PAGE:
Robin Guthrie - Biography
It’s a peculiar thing: by creating something thoroughly unique, by enticing an unheard sound, by coaxing something unfamiliar into existence, a musician can actually establish an entirely new genre. That’s what happened with Robin Guthrie. Through skill and happenstance, artistry and a touch of dumb luck, Guthrie picked up a seventeen-year-old girl at a discotheque, started a perversely stylish band, and tapped a previously unimagined zeitgeist. It took a few records to crystallize, but when Guthrie and that teen, the preternaturally gifted Elizabeth Fraser, finally defined their sound, the Cocteau Twins became the template for a lush and luminous sound that would take rock into startling, alien terrain, full of breathtaking elegance, dense, florid atmosphere, and impossibly gorgeous heartache. Simply put: Robin Guthrie made it cool for alternative, post-punk music to be inescapably, inconceivably beautiful, and an array of dream-pop bands owe him a debt, including My Bloody Valentine, Sigur Rios, and Slowdive.
The Cocteau Twins’ debut, Garlands (1982 4AD), trafficked in doom, indebted to the early Cure, Joy Division, and Public Image Ltd., but the follow-up, Head Over Heals (1983 4AD) showed distinctive glimmers of things to come. Gnashing guitar defines the aesthetic, along with Fraser’s incomprehensible yet exquisite vocals; both swim through oceanic depths of reverb. Even though the first albums were excellent, Guthrie was a masterful multi-instrumentalist, as well as an accomplished engineer and producer, and he was determined to elevate the Cocteau Twins above the rest of the post-punk pack. It didn’t take long. Treasure (1984 4AD) is the album that made “ethereal” a genre. It simply wallows in impossibly heavy guitar drones, vast washes of sound that convey brute strength and gossamer delicacy. The title track in particular is epic.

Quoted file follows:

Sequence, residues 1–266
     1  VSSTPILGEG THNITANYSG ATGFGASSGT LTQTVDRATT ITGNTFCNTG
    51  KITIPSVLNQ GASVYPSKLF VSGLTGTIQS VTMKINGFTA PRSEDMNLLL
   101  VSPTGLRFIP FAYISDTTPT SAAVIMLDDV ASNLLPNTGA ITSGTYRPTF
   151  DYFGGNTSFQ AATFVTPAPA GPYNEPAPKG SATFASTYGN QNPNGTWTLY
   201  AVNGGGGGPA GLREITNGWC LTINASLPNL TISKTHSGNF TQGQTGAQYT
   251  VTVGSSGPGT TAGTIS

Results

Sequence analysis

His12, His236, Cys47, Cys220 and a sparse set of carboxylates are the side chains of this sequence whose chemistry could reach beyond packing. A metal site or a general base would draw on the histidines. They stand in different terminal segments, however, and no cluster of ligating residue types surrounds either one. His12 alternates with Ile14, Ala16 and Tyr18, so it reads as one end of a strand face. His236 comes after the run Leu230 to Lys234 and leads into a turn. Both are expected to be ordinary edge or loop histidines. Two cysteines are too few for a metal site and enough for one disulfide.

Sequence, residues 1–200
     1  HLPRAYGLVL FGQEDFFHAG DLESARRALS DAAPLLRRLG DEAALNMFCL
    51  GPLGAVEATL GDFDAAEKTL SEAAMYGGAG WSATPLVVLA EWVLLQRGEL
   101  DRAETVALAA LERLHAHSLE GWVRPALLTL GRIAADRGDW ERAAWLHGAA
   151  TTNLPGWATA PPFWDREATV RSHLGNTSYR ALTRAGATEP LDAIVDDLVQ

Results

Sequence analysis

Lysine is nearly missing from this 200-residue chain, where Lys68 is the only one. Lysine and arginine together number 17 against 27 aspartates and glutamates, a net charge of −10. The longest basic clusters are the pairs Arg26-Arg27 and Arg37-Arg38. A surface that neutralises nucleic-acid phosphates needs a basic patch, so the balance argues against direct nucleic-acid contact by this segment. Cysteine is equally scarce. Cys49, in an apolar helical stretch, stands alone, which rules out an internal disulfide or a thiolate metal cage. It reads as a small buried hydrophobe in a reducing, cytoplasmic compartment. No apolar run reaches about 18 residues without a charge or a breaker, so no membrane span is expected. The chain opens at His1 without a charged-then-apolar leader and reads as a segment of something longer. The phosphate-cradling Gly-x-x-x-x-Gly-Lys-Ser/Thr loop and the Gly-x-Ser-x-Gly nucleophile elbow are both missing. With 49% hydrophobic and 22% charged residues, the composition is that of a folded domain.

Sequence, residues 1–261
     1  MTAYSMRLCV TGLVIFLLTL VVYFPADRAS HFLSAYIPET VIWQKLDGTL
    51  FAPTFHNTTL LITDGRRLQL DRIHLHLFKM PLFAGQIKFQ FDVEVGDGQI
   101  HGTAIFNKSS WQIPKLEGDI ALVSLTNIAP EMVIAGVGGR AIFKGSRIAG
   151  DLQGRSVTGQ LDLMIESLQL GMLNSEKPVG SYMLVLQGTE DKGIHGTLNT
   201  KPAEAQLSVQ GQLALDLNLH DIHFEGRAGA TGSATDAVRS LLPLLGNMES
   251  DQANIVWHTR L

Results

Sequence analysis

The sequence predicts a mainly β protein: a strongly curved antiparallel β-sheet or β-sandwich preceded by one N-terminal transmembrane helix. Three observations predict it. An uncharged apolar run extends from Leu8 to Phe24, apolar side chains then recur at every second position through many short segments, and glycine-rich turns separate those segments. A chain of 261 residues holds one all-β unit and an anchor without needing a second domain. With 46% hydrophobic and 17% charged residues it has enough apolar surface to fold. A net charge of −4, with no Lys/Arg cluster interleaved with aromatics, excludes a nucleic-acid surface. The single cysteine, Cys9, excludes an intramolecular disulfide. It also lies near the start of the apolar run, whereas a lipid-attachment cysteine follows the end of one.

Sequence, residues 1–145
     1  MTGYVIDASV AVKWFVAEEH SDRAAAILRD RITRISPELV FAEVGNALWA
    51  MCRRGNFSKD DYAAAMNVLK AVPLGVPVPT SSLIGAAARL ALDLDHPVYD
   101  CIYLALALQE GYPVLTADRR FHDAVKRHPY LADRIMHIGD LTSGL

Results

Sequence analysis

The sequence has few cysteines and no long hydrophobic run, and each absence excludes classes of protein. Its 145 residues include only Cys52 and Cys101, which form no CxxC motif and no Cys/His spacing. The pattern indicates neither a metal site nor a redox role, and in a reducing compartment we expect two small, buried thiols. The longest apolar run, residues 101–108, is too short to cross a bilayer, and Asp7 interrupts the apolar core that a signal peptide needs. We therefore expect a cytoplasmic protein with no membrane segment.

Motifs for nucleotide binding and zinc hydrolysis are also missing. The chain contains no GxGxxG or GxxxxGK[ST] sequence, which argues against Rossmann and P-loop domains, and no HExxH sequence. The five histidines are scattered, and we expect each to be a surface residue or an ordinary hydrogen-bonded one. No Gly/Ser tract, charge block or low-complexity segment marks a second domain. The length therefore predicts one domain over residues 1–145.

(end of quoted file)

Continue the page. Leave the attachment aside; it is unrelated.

Victorialand (1985 4AD) continues in the experimental direction, as strings, acoustic guitars and Indian tablas provide an enchanted background, in which Fraser’s vocals can luxuriate. Guthrie subsequently arranged for the group to record with minimalist composer and pianist, Harold Budd. Budd, famed for his own work and his repeated collaborations with Brian Eno, was a prescient choice and the partnership produced a spectacular album, The Moon and the Melodies (1986 4AD). Three more albums would follow: Blue Bell Knoll (1988 4AD); Heaven or Las Vegas (1990 4AD); and Four-Calendar Café (1993 Fontana). Unfortunately, Guthrie’s drug use impeded both innovation and his relationship with Fraser, and the band veered towards conventional pop. After a final album, 1996’s Milk & Kisses (1996 Fontana), the Cocteau Twins called it a day.
Since then, Guthrie has maintained a consistent solo career, releasing his debut, Imperial (2003 Bella Union Records), and working repeatedly with Harold Budd on a number of excellent albums, including the soundtrack for the Gregg Araki film, Mysterious Skin (2005 Commotion), and two studio efforts, Before the Day Breaks (2007 Bella Union) and After the Night Falls (2007 Bella Union); both feature dreamy, lilting piano, and buzzing, ambient guitar. Guthrie also keeps busy as a producer. He’s recorded the Gun Club, Lush, Echo & the Bunnymen’s Ian McCullogh, and Ulan Bator; a Cocteau Twins reunion tour was recently announced, but Elizabeth Fraser withdrew at the eleventh hour. Most recently, Guthrie released Songs To Help My Children Sleep (2009 RocketGirl), an EP of lullabies. If anyone is qualified to pen a lullaby, it’s Robin Guthrie. Pleasant dreams.